Quick Update

Due to an increase in spam, I’m disabling comments on all posts older than two weeks. Accordingly, I’ll try to post more frequently so that people can comment on something

Um, hey! Happy 2015!

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The Peter Pan Panto

Madness. The Gaiety Theatre was packed, almost all school children (something like ten school groups were there). They were encouraged to talk back to the stage. “What’s that noise, everyone?” “IT’S HOOK!” “What did you say?” “CAPTAIN HOOK!” “I’ll go look over here.” “HE’S RIGHT BEHIND YOU!”

I don’t remember Peter Pan having a character named “Dame Nana”. Or Tinkerbell singing a song about selfies. Or Hook’s pirates including a Harry Potter parody, a pirate heavily into musical theatre, and a little person.

Hook in particular was great: he hurled invective at the audience to thundering boos, eventually building to a call-and-response like “I’ll get that Peter Pan, oh yes I will!” “Oh no you won’t!” “OH YES I WILL!” “OH NO YOU WON’T!” “Ah, bugger!”

Good show. I’m really not the target audience, but I like silliness, and it was very, very silly.

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The Imitation Game

Another movie, yarr. If I remember correctly, I described it afterwards as “well-made rubbish”. It just felt artificial. The framing device is a copper investigating Turing in the 1950s for potentially treasonous activities, which is fair, but are we meant to believe that he actually explains his top secret war activities during the interrogation? I think we are; he asks the detective for his judgment at the end. That makes no sense.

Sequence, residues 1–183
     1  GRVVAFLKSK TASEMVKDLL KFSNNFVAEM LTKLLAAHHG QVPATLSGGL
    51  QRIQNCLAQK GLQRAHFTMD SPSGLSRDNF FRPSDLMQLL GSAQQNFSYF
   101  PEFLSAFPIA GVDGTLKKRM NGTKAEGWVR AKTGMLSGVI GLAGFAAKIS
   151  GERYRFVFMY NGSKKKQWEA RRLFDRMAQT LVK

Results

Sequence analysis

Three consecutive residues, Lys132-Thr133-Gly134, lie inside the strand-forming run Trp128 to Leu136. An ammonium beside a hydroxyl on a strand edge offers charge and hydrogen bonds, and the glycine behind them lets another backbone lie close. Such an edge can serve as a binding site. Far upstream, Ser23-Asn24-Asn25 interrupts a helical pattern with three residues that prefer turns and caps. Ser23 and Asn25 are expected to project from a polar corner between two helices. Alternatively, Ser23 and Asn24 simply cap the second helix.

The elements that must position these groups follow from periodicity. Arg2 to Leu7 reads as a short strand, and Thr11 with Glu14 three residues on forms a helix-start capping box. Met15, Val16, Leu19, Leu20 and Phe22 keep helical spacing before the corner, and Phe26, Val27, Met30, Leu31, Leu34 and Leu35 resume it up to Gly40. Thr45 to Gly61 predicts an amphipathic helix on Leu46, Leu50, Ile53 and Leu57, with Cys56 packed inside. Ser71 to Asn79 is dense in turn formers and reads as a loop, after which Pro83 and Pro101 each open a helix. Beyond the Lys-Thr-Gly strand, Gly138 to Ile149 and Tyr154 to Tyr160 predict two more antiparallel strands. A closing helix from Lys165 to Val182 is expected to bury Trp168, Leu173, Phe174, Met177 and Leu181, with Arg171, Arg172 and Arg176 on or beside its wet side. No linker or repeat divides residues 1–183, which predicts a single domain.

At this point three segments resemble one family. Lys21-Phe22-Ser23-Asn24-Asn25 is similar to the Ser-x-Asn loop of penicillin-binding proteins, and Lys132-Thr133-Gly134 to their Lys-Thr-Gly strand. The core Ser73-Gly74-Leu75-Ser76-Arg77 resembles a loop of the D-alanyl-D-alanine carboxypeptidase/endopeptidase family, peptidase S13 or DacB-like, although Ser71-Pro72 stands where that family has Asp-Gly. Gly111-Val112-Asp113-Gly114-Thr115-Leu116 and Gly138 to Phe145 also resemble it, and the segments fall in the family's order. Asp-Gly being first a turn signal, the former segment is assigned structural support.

As I said, it felt artificial. I actually liked the artifice, because it gave the movie energy. Like the officer who doesn’t like Turing and tries to kick him out of the project, because the protagonist needs someone to overcome. Or the team of cryptanalysts who resent working with Turing, so he can win them over and be saved by their support at his lowest moment. Or the bright female love interest (he’s gay, but she fills the role in every other way). But even while watching I felt like most of the characters were in the positions they were in just to give the story the right kind of shape for a movie.

At the end, and in some of the scenes in the 50s, there’s more murkiness as cracking enigma gives way to intelligence games. It would’ve been a better movie that happened halfway through.

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I liked it. It felt like three movies smushed together. I don’t think it entirely worked — in particular, the emotional core of the movie is the estrangement between the father and his daughter, and it disappears for massive chunks of the movie. But for a show that runs nearly three hours, it never really dragged, and although I checked the time a few times, I wasn’t impatient for it to end.

Plus it actually takes relativity seriously. Props for that. And the first part of the movie, set on an Earth sliding into ruin, did a great job of suggesting a complicated history without hitting you over the head (unlike the ending…).

Just one more comment: binary doesn’t work that way.

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